From November 2013:

This (seemingly positive short-term results) is what happens when you put MBA types or retail lifers in charge of a situation that requires dynamic wholesale transformation.
Managers can be fantastic at cleaning up near-term messes by cutting prices, realigning "teams" and slashing expenses. However, cats of this ilk tend not to be the best visionaries. The very thing physical retailers need, they lack and, worse yet, refuse to secure.

And from earlier this year with the focus on Best Buy:

If you removed the inventory from BBY, SHLD and JCP stores, nobody outside of a retail real estate salesperson would be able to tell the difference. Each building represents the soulless shell of a once-thriving industry treated with utter disrespect by Jeff Bezos and (AMZN) ...
Take products that intrigue and inspire, rearrange them around the store and you can make believers (or momo chasers) out of otherwise intelligent people.
Sign me up for Hubert Joly's gig. Please. I'll do my best not to feel guilty to the point of suicide for effectively stealing my salary from the rolls of a public corporation.

The story hasn't changed.

Figuratively speaking, Lampert, Joly and Ullman continue to steal money from the coffers of the public corporations they work for.

I mean I guess they're doing their jobs if they've been dispatched to stabilize things in the near-term. If, of course, you can call what they're doing meaningful stabilization. It does no good for the heart attack patient if medical staff brings him back to even, but fails to ensure he can thrive for many years after things went awry.

These CEOs and the portions of their rank and file that misguidedly believe in what amounts to business as usual are doing absolutely nothing to lay the foundation for and effectively implement sound futures at Sears, Best Buy or JCP. In fact, they're doing the opposite.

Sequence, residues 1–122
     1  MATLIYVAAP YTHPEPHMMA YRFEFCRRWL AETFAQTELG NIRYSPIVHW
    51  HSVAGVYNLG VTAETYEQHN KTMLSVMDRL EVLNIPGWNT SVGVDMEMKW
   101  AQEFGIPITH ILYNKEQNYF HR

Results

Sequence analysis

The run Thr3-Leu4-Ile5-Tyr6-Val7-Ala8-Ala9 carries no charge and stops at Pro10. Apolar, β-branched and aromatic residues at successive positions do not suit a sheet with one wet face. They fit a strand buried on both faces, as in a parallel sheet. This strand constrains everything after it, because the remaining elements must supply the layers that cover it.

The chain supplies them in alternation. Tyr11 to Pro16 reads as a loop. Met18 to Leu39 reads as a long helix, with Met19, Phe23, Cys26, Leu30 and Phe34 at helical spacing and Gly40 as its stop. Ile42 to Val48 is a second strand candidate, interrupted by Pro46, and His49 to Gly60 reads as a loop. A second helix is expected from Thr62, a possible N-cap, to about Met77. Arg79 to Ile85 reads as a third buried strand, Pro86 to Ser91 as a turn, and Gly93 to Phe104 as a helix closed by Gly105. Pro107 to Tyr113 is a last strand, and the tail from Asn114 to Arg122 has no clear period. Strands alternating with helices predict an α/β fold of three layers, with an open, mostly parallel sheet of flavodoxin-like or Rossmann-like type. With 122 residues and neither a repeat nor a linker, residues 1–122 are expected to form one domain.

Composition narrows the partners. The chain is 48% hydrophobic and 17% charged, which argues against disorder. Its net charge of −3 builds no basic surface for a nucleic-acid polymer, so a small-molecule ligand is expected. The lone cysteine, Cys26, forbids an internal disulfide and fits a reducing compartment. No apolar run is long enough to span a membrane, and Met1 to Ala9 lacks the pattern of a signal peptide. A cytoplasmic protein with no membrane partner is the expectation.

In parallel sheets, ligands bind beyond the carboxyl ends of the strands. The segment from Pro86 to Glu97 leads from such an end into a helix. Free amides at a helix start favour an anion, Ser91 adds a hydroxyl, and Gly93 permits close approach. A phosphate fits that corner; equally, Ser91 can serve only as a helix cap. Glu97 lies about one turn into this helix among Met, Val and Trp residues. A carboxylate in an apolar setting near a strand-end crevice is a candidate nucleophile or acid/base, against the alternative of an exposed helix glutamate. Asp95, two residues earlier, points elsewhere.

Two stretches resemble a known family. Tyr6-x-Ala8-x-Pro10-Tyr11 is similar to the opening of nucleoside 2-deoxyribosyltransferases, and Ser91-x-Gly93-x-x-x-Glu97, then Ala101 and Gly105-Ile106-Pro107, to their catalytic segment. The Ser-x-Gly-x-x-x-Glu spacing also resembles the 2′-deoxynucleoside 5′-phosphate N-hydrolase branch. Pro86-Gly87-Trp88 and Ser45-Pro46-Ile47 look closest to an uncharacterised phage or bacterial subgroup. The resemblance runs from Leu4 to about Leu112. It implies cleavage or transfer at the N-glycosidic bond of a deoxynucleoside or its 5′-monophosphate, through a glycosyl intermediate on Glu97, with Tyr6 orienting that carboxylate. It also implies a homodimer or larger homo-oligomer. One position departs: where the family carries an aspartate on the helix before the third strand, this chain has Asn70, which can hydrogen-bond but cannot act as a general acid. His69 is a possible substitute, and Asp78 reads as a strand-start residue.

Call them the great enablers of retail.

It's not like they're even running the retail equivalent of, say, Vancouver's needle exchange program. It would be one thing if there was some thought beyond the culture of obviousness that persists in this dying sector. But there isn't.

Lampert, Joly and Ullman keep the false and toxic hope alive that the very same or some barely tweaked variation of what failed retail in the past will, miraculously, drag it from the abyss. That once external forces right themselves in this world, retail will get back on the road it left. They say they're looking within and recent results aren't good enough ...

To be clear, it is not because our performance is where we need it to be. It isn't (More Eddie "National Lampoon's" Lampert).

But that's clearly lip service because it's not accompanied by action that indicates a period of critical evaluation, thoughtful introspection and wholesale organizational change. 

They're enablers. In the true sense of the word. Addicted to the same old drugs that got them into the mess they're in.

--Written by Rocco Pendola in Santa Monica, Calif.

Disclosure: TheStreet's editorial policy prohibits staff editors, reporters and analysts from holding positions in any individual stocks. Rocco Pendola is a columnist for TheStreet. Whenever possible, Pendola uses hockey, Springsteen or Southern California references in his work. He lives in Santa Monica.

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